Here are some photos I took in the Old Town.

Other things to note: No one wears a helmet but you should if you do any city cycling or ride on major roads it Vietnam.

In Vietnam cars drive on the right hand side of the road. This is a major reason not to get too excited about riding in Vietnam.

Weather is important for holidays in Vietnam. Check this carefully before booking the holiday. Also check for popular times for tourists and avoid these. November is a good time by the look of it, we have had great weather and the tourist numbers are moderate.

Having a Sim Card with decent data allowance would have helped following the trail. I survived by downloading the google maps to offline maps on my phone.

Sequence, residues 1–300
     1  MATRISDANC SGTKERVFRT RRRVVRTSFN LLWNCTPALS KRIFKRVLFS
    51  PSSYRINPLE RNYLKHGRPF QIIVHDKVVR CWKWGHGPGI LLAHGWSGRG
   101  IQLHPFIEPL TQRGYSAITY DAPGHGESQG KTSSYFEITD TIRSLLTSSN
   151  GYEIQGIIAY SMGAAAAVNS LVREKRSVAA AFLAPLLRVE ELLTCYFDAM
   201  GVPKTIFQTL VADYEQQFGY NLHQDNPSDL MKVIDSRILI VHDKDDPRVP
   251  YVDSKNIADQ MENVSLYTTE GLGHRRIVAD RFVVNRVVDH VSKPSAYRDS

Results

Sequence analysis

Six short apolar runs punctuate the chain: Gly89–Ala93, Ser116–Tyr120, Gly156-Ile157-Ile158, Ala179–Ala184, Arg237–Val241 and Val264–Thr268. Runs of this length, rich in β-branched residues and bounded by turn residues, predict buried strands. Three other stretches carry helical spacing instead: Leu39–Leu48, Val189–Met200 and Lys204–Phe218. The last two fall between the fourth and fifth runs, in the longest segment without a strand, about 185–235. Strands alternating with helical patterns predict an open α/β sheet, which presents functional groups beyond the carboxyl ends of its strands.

Summary. Enjoy Vietnam as a tourist, plan to ride in Hoi An and just do a couple of rides. It was fun.

Note I believe you can ride 20km up and back on the perfect river in Hue. Some Hue cycling ideas here

A reader gave positive review of this tour group

Postcript. Saigon cycling is out of the question. Too many motor bikes

Rickshaws are expensive. Our guide says avoid them

Saigon traffic…. leave the bike at home